This is the observation we arrived at after having completed more than a thousand website audits. And this problem mainly concerned sites using WordPress (although it could be observed on other CMS, less accessible).
In fact, the term “blocked” is a bit extreme because it is actually more of a recurring problem creating limitations in the capacity of the sites to fetch the maximum effectiveness of their content at the level of search engines (you will be able to do the test a little lower in the article).
And when we talk about a recurring problem, no need to throw the stone to WordPress. In fact, it is rather a systematic lack of configuration, generated either by ignorance or by forgetting a feature specific to each site web but whose impact is more than meaningful in the ability of a website to come out in search results. It is an optimization strategy for search engines (SEO).
Read this article: “How to optimize my robots.txt”
So what is it about?
Concretely, this is a simple file, called the Robots.txt, located at the “root” of the site (hosting server), containing instructions for crawlers (search engines bots) specifying which pages or parts of the site, these may or may not index, and that happens to be the very first file read by the search engines when your site is loaded into a browser.
At this level, you probably say you’ve never heard of this file and, above all, you don’t understand why it can be fundamentally important. If that is the case, which would be more than normal, you do part of 95% (see title).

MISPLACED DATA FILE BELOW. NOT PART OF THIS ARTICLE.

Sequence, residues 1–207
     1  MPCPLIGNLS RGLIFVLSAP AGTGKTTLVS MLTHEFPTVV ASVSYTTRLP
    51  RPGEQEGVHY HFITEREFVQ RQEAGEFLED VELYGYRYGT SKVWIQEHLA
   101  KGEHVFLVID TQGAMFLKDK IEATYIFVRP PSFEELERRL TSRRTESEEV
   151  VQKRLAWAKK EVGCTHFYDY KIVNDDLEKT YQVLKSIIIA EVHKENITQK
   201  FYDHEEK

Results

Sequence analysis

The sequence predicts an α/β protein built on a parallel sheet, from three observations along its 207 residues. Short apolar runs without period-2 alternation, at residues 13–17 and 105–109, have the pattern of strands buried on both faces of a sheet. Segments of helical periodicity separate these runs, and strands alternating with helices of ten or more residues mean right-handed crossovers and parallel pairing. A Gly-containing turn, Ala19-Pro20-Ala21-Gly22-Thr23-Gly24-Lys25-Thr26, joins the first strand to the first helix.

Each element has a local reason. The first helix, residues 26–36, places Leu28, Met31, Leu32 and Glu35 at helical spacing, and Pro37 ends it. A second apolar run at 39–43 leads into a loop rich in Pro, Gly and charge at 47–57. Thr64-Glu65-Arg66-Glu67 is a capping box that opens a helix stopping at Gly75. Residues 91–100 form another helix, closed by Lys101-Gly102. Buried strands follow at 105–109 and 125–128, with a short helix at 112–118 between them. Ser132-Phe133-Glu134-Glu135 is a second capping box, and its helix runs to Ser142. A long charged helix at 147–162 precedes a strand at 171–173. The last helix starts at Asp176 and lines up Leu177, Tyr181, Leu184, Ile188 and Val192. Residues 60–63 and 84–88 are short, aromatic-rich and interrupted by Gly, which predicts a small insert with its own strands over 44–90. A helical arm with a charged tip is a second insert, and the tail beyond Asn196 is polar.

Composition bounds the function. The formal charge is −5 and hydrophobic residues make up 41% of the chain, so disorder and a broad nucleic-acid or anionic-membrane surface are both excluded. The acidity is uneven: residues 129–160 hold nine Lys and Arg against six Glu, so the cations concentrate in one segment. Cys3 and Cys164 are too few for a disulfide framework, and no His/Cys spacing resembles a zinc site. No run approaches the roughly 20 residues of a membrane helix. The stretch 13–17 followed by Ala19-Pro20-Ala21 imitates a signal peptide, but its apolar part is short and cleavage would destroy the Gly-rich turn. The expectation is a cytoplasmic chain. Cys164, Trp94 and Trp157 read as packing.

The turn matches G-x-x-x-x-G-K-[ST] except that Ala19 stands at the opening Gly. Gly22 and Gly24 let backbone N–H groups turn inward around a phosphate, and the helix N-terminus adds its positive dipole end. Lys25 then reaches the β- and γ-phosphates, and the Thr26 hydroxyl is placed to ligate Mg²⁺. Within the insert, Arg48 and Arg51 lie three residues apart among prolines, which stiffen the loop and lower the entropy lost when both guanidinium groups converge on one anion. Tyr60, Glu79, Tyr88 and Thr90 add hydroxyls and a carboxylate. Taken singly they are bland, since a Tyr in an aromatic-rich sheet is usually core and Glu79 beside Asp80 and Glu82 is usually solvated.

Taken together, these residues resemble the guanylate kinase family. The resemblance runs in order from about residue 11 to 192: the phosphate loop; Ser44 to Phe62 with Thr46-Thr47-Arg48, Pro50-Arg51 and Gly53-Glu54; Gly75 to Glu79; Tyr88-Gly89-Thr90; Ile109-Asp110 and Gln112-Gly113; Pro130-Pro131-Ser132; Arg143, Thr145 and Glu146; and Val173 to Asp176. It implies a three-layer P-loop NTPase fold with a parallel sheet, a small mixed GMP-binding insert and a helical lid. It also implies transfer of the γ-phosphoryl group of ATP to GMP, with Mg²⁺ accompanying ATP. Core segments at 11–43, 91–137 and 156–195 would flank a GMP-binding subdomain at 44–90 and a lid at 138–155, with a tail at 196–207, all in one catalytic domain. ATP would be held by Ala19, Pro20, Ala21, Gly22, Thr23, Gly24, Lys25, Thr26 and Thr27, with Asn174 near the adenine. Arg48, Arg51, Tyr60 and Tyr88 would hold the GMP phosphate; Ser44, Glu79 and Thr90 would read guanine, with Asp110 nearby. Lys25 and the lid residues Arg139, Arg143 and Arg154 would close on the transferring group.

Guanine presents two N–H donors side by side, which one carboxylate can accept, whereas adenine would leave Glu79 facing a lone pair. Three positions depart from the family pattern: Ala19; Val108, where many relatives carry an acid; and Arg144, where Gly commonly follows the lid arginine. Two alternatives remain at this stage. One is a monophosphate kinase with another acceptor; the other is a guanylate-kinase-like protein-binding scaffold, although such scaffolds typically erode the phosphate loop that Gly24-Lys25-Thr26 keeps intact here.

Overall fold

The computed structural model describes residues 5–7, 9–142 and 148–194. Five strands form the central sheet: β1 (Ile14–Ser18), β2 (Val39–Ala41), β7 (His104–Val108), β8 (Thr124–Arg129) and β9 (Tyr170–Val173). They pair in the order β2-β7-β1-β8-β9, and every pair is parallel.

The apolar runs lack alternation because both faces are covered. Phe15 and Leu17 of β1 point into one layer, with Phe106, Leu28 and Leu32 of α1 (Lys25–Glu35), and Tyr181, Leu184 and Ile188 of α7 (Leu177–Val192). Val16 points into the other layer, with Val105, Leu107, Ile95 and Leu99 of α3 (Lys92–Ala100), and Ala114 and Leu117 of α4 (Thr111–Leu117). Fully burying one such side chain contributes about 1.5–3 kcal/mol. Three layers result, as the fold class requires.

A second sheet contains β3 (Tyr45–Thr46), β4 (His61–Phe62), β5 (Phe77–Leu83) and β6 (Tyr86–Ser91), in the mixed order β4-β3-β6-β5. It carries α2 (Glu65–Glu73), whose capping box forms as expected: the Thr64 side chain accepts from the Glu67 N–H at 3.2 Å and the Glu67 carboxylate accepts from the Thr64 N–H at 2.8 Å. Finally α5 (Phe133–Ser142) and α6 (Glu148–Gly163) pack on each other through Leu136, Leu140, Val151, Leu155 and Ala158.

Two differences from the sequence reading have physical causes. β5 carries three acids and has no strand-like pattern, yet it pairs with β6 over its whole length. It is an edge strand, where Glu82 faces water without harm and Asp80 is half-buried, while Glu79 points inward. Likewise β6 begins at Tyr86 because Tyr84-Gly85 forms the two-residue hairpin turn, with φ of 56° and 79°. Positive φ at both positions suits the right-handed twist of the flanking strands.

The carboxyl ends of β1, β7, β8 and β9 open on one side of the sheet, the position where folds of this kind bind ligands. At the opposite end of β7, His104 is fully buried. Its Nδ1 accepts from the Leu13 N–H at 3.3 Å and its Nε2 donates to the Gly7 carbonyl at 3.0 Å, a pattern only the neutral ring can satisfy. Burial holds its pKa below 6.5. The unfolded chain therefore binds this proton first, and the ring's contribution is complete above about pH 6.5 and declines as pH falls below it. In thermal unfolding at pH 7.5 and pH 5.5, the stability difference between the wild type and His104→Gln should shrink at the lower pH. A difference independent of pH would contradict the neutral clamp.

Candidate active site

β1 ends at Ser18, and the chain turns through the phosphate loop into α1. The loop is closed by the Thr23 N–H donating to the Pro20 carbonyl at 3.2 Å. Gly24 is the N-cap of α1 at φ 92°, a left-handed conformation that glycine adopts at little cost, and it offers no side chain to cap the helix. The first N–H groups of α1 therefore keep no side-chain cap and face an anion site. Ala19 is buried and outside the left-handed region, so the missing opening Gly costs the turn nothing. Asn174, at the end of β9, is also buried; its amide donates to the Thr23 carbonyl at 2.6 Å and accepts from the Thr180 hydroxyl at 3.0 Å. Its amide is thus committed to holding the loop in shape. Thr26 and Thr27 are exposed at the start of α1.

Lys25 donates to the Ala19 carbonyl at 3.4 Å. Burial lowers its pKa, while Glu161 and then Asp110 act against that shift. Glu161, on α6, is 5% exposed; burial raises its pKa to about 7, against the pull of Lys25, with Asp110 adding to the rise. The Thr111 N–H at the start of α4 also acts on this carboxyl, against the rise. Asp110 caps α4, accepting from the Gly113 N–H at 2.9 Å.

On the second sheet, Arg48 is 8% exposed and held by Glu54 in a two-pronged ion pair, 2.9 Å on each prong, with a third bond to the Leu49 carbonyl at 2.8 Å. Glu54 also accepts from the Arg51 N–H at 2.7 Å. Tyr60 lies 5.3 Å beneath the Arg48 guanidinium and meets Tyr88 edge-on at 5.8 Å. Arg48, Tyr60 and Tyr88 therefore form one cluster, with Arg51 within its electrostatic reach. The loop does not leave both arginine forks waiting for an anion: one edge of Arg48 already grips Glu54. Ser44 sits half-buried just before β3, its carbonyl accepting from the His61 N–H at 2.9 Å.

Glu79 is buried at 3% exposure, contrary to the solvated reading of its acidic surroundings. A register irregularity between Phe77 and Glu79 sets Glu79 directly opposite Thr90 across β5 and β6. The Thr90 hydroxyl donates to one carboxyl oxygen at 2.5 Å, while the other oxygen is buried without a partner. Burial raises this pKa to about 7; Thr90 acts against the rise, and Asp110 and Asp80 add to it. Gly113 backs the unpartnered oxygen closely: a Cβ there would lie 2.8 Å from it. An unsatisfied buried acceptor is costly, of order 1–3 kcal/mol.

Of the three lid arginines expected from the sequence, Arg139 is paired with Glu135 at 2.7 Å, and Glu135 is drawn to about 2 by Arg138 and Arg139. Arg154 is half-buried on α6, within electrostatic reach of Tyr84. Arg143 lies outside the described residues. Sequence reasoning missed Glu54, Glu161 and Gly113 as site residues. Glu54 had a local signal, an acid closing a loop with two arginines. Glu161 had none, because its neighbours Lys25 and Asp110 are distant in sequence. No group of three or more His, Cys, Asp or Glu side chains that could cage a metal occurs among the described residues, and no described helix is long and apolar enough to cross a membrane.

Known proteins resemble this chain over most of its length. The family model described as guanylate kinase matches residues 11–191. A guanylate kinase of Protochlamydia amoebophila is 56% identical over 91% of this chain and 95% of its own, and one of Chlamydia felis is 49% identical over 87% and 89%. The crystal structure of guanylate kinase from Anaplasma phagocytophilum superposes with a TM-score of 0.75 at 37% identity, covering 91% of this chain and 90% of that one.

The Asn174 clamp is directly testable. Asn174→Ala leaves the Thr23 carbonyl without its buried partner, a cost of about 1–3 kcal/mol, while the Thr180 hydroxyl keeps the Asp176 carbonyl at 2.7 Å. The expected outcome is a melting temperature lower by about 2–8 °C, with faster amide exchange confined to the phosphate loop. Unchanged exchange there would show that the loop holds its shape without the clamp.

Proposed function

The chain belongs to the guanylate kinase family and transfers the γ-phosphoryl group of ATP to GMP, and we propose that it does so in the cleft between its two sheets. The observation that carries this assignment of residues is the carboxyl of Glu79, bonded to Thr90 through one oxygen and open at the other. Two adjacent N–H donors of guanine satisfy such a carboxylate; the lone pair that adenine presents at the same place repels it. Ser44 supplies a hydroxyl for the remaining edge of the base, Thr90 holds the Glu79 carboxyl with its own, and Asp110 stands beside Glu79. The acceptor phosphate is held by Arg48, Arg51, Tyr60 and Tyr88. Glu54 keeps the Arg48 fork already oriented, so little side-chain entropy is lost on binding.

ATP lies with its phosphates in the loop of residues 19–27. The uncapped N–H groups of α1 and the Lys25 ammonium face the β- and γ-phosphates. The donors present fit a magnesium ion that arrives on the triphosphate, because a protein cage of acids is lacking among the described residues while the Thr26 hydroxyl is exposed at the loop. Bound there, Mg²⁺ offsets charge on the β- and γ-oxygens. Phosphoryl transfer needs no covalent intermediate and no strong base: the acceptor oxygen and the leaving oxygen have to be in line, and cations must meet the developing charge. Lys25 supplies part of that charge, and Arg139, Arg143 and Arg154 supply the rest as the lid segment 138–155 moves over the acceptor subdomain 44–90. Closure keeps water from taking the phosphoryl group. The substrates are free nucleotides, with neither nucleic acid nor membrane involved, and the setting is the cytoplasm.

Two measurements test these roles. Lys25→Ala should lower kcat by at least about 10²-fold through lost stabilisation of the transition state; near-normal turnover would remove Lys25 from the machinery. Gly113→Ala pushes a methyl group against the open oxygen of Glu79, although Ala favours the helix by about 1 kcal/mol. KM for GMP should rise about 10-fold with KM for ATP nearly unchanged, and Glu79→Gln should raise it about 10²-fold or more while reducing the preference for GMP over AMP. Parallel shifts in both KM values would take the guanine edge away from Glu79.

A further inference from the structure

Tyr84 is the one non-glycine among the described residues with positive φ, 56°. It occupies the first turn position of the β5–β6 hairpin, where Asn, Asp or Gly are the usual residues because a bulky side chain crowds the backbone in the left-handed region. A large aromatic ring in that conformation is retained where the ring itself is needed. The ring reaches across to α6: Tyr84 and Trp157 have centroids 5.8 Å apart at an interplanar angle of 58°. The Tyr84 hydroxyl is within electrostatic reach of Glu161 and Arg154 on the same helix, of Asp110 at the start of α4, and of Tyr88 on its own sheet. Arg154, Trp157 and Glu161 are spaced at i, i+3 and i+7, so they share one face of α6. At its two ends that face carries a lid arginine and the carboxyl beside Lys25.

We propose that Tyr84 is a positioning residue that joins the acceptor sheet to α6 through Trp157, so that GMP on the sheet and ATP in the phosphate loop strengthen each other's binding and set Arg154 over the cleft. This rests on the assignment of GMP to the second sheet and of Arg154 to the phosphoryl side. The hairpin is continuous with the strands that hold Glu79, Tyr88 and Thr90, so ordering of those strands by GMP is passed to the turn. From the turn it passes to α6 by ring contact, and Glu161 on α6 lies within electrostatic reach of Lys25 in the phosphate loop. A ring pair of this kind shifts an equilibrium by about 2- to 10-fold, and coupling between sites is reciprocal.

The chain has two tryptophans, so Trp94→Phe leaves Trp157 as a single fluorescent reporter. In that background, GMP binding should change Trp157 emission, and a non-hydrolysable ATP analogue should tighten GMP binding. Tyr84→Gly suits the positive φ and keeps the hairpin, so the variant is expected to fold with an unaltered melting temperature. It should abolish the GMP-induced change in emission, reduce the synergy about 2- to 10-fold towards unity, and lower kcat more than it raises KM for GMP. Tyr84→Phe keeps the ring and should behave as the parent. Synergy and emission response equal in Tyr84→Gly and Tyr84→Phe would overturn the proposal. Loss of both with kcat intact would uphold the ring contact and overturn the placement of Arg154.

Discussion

In order for you to understand what this is all about, you have to integrate the fact that the visibility of your website is strictly dependent on what the search engines will have understood from your content, to allow its visibility in SERPs. And, paradoxically, there is a common thought suggesting that because you have created a new page on your site or added a new product to your shop, it will necessarily appear in the search engine result pages (SERPs). Nothing is less wrong!
In fact, in order for your new content to appear in the search results, it must have been indexed by search engines. And to do this, even before any actual process of indexation, it is necessary first that these search engines are aware that there is actually new content available and that they have permission to read it!
We are very far from basic optimizations of tags, META data, content, etc. that you can read this and there on the Web, which can be done to perfection, but which would be absolutely useless if search engines were unable to read your pages!
That’s why, inside your website (in fact, of all websites), there is a file, the robots.txt, whose one and only mission is to communicate with search engines bots (crawlers).
And today, more than 95% of WordPress websites are in the situation where:
- Either they do not have a Robots.txt
- Either the Robots.txt is active in its most “basic” form and useless
- Either the Robots.txt is incomplete (see below)
- Either the Robots.txt prevents any form of content indexing by search engines (the worst situation).
So what does your Robots.txt look like?
Please copy-paste the URL of your website (with http: // or https: //) into the field shown below, which will allow you to identify first if you have one, and if so, what is its content:
For comparison, here is ours: https://better-robots.com/robots.txt. Do you see the difference?
What is the purpose of Robots.txt?
As mentioned above, the robots.txt is probably the most important file on your website at the SEO level (Search engine Optimization) and its role is to:
- Allow access to (or not) your Website to search engines (which is not nonsense)